Even before Republican presidential candidate Donald Trump proposed amending the constitution to revoke the 14th Amendment right, Fox figures like Bill O'Reilly, Steve Doocy, and Laura Ingraham were calling for an end to birthright citizenship. Their demand grew even louder after Trump voiced his support -- Sean Hannity demanded an end to birthright citizenship to stop "anchor babies" while Fox & Friends lauded Trump's plan as "remarkable." Lou Dobbs proposed a legal justification to spur along the end of birthright citizenship, which Fox radio host Todd Starnes declared would put "Americans first."
What's more, Fox figures applauded Trump's use of the term "anchor baby" -- Brian Kilmeade even said "a lot of people think that [term] would be a compliment," while Hannity claimed "there is no other term to use."
Beyond a purported wave of "anchor babies" being an anti-immigrant myth, the term is offensive to Hispanics. As NBC News explained, it's a "dog whistle" or a "term used to describe coded language that means one thing in general but has an additional meaning for a targeted population. According to one expert, 'anchor baby' is used as a code 'to stimulate fear about changing racial demographics.'"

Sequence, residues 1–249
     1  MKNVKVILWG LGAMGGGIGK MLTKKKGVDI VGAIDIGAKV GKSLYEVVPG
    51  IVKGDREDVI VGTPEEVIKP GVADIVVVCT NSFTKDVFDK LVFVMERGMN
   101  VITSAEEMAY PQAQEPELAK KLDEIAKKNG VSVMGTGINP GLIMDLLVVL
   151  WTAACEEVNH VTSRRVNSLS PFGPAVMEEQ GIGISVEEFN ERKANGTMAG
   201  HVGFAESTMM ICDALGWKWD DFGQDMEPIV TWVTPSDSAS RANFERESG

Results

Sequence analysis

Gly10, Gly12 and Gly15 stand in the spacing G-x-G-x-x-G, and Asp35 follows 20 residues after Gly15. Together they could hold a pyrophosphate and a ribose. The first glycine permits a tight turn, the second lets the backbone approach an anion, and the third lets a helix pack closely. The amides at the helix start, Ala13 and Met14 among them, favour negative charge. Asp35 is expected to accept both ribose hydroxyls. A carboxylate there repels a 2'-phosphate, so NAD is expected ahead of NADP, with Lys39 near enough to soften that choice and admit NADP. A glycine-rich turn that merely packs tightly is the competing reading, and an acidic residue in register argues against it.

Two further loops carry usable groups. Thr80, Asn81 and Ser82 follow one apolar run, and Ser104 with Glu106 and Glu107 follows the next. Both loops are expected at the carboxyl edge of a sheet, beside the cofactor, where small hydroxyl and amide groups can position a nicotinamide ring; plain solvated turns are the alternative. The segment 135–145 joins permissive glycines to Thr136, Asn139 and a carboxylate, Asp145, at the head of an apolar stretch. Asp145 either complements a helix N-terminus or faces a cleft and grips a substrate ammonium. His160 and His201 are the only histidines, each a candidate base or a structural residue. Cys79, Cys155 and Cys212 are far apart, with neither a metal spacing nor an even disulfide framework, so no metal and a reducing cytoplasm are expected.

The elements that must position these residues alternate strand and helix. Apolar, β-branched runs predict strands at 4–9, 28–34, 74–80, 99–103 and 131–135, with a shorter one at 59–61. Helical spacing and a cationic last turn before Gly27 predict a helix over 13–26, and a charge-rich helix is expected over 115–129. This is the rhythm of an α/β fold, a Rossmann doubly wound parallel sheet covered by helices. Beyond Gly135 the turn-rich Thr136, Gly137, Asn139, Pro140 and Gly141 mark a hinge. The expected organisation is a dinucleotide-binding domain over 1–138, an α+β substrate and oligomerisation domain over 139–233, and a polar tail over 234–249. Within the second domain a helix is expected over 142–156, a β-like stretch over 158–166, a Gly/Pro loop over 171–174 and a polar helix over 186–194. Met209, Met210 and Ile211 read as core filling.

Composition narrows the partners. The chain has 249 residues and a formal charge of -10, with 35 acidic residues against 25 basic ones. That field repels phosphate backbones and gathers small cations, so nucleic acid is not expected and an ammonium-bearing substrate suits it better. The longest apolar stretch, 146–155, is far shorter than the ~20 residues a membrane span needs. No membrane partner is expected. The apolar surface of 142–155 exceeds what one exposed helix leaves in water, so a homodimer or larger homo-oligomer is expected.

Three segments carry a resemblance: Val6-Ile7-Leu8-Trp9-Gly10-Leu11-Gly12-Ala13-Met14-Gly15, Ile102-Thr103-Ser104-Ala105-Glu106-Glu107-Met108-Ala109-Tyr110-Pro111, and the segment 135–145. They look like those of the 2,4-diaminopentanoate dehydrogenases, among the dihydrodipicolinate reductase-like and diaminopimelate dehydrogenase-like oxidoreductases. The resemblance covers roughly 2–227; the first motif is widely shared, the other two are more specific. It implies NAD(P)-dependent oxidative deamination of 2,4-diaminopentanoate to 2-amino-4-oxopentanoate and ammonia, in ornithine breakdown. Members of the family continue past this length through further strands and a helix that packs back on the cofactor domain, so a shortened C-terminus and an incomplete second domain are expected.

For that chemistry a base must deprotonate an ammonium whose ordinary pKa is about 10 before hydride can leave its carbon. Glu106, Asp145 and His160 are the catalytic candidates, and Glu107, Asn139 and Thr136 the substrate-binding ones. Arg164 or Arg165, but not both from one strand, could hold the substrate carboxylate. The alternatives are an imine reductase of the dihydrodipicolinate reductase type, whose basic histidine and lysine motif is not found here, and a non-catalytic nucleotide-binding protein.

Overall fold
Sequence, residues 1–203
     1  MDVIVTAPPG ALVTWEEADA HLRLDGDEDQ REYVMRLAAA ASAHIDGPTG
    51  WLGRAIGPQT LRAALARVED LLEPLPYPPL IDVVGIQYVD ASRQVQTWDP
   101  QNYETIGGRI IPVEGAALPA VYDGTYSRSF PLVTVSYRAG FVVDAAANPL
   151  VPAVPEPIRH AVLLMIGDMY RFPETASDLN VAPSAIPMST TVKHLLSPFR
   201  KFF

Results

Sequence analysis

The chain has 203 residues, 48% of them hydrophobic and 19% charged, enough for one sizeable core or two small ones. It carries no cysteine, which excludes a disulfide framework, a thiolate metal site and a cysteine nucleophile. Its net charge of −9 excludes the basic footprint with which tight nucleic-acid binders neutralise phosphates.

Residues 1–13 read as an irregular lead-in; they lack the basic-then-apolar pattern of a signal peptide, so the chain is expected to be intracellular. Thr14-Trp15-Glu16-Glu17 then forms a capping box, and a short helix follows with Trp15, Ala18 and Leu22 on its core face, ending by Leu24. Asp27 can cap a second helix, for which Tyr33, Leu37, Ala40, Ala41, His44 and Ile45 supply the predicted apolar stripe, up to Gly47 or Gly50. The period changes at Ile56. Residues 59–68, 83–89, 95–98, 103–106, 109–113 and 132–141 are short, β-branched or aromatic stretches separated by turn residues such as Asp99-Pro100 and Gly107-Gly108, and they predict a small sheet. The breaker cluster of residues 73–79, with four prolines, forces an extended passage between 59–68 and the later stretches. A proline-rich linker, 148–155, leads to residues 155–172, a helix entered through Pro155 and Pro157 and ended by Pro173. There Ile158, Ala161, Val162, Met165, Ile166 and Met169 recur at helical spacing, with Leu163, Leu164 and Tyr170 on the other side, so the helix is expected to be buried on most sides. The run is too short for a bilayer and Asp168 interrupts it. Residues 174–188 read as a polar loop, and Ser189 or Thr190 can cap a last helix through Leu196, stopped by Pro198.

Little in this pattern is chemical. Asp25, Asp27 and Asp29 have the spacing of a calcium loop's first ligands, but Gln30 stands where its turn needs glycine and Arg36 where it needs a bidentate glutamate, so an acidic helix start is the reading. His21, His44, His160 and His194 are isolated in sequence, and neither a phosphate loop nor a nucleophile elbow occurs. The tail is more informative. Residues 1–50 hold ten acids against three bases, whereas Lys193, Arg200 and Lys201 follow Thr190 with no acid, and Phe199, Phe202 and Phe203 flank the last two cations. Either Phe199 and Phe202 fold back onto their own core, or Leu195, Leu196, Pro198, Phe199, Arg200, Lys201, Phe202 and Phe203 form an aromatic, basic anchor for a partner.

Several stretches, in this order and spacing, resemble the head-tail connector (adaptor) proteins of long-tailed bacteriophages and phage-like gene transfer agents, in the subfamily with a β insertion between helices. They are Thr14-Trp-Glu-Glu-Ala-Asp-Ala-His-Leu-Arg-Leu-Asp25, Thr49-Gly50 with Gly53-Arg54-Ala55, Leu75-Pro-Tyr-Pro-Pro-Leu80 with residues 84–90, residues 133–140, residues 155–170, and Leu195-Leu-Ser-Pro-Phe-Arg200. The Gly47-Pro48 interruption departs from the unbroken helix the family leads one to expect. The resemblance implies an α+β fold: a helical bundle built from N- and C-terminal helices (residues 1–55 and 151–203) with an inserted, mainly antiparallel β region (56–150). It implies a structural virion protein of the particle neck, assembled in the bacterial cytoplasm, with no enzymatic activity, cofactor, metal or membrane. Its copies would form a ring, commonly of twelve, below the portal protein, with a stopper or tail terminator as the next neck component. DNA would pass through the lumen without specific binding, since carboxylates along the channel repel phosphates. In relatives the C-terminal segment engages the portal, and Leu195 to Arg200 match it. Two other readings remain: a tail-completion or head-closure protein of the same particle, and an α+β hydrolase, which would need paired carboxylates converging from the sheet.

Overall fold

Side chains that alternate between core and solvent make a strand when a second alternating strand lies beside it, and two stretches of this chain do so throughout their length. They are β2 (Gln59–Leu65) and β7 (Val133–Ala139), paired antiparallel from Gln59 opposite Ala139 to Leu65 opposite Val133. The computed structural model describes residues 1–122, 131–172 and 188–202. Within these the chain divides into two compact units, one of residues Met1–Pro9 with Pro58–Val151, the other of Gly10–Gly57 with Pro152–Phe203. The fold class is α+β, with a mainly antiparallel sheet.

Diplomats from the UK, China, France, Germany and Russia told Congress that the Iran nuclear deal is the best deal possible, according to a report from The New York Times.
Since the Iran Nuclear agreement was announced in July, many nonproliferation and national security experts have praised the deal for being "about as good as any real world agreement could be" and "pretty damn good." Nuclear and military experts have also called the deal "the most effective means currently available to prevent Iran from obtaining nuclear weapons."
Adding to the list of those voicing support for the deal, The New York Times reported that diplomats around the world have strongly argued for the agreement and told members of Congress it was "as good a deal as you could get." The diplomats stressed that if Congress rejected the deal, they would not join in efforts to re-impose sanctions, something conservative media have overlooked in their push against it. The Times report also highlighted support from experts who told Congress the deal "would do more to slow Iran's production of a nuclear weapon than a military attack":